The death penalty
Qadri’s execution was enabled by the fact that Pakistani Prime Minister Nawaz Sharif lifted the six-year moratorium on the death penalty as part of the 20-point National Action Plan (NAP) against terrorism chalked out after the 16 December 2014 terrorist attack on a school in Peshawar that left 162 dead (132 of which were children). However, local activists and international bodies such as the UN and Amnesty alike have called for reinstating the moratorium on the death penalty, arguing that executions do not curb violence.
Reaction to the execution
Many in Pakistan have hailed the decision of President of Pakistan not to accept Qadri’s plea for mercy as an important symbolic gesture showing that the State will not tolerate vigilantism. The Supreme Court decision rejecting Qadri’s appeal was also seen as historic as the judge clearly ruled that criticism of the blasphemy law is not tantamount to blasphemy. This was an important decision considering the amount of support Qadri had from religious groups that showered him with rose petals at his court appearances and exerted pressure on the judiciary.
The news of Qadri’s hanging resulted in riots in the urban centres of Pakistan, with protestors burning posters with images of Prime Minister Nawaz Sharif. Thousands gathered from all over the country at his funeral in Rawalpindi’s Liaquat Bagh, the same park where former Prime Minister Benazir Bhutto was assassinated in 2007. Some people wore ‘I am Qadri’ signs around their necks, and #IamMumtazQadri was one of the top trends on Twitter on the day of his funeral for the second time (the first being when Supreme Court upheld the Qadri’s death penalty). However, police booked 7,000 protestors and religious leaders for misusing loudspeakers and hurling threats to the State at protests in Karachi against the hanging of Mumtaz Qadri.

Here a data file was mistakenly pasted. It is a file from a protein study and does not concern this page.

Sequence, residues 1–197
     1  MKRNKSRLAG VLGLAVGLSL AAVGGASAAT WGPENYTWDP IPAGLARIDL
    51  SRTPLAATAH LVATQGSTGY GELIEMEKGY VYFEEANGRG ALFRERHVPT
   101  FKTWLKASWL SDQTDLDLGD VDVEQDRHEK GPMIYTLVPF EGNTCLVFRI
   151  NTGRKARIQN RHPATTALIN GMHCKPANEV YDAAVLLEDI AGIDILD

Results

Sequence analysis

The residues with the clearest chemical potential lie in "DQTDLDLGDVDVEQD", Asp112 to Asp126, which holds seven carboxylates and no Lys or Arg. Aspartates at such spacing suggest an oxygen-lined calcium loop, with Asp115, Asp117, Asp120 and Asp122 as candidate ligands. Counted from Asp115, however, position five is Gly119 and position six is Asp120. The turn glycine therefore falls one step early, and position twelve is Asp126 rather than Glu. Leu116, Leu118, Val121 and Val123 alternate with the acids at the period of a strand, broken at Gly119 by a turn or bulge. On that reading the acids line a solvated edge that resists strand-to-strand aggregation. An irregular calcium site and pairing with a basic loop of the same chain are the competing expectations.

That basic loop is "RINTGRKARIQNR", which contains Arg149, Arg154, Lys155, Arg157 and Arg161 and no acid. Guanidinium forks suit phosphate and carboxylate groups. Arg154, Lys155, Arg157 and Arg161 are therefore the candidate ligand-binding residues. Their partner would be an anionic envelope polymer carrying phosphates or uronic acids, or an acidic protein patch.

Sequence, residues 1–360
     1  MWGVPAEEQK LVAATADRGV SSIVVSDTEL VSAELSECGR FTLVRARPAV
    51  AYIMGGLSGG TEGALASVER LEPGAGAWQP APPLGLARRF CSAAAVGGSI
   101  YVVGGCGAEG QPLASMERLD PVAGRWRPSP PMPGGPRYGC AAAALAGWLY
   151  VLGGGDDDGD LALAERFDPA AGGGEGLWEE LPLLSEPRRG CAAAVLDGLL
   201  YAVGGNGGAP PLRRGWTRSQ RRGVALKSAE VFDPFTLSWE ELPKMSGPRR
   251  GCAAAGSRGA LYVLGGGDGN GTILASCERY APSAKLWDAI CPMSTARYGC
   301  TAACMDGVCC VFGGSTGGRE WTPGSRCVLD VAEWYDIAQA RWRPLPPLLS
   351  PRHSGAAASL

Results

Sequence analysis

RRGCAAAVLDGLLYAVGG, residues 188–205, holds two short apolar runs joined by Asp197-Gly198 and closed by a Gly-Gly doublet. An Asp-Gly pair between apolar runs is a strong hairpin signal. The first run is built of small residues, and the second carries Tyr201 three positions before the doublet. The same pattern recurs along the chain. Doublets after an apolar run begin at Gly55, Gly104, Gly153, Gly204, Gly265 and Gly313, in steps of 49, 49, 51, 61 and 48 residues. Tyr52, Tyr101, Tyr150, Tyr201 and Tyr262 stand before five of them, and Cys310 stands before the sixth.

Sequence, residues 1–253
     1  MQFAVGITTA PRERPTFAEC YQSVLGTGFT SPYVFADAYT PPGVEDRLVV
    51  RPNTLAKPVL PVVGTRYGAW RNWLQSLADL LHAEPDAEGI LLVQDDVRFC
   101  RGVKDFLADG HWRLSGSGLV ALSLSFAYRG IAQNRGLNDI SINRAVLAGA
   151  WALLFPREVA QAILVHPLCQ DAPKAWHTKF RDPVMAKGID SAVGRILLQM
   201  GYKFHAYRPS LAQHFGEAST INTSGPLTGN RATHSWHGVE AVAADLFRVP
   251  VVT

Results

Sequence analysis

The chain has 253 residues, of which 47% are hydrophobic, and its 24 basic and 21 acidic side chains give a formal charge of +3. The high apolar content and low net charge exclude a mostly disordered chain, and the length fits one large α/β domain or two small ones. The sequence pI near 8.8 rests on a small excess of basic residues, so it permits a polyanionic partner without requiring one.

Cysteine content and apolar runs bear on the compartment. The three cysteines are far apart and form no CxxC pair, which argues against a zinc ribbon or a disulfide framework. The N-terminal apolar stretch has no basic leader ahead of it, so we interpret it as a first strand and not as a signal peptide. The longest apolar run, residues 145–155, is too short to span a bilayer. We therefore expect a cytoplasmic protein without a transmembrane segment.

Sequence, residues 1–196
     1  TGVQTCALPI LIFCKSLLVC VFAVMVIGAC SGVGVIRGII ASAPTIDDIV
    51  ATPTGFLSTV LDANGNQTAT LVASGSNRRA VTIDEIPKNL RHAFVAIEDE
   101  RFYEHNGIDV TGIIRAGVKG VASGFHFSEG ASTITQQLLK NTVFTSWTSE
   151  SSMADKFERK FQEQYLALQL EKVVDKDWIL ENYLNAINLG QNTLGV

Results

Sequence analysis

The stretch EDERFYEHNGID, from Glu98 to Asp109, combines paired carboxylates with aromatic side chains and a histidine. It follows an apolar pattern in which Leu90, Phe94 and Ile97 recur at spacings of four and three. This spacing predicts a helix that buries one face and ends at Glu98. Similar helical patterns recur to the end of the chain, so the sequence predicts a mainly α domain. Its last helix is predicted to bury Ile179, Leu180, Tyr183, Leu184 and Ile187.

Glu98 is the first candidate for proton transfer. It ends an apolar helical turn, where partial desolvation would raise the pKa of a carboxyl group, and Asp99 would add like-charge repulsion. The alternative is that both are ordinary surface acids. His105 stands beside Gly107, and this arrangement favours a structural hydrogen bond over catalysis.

Terrorist organisations also reacted violently to the hanging, with a suicide bomber killing 17 people at lower courts in Shabqadar in the Khyber Pakhtunkhwa province on 7 March 2016. Jamat ul Ahrar, a splinter group of the Pakistani Taliban (TTP) claimed responsibility for the attack, and explicitly specified that they had targeted the judiciary for handing the death penalty to Mumtaz Qadri.
On 8 March 2016, Salmaan Taseer’s son Shahbaz Taseer, who was kidnapped shortly after his father’s assassination, was found near the city of Quetta in the Balochistan province by police. The timing of his release has raised questions, with some reports saying that he was unaccompanied when found because ransom was paid to the militant groups holding him, while the AFP quoted militant sources saying that Shahbaz could no longer be held due to a military operation around the tribal areas where he was being hidden.